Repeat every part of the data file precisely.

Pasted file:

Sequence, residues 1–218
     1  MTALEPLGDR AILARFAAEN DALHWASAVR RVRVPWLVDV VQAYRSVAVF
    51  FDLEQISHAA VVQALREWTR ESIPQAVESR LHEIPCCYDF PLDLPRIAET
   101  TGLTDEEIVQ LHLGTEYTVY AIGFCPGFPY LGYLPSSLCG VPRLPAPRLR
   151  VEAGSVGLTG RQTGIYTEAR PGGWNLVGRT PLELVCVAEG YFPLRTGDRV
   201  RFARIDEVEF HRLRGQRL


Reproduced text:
Sequence, residues 1–218
     1  MTALEPLGDR AILARFAAEN DALHWASAVR RVRVPWLVDV VQAYRSVAVF
    51  FDLEQISHAA VVQALREWTR ESIPQAVESR LHEIPCCYDF PLDLPRIAET
   101  TGLTDEEIVQ LHLGTEYTVY AIGFCPGFPY LGYLPSSLCG VPRLPAPRLR
   151  VEAGSVGLTG RQTGIYTEAR PGGWNLVGRT PLELVCVAEG YFPLRTGDRV
   201  RFARIDEVEF HRLRGQRL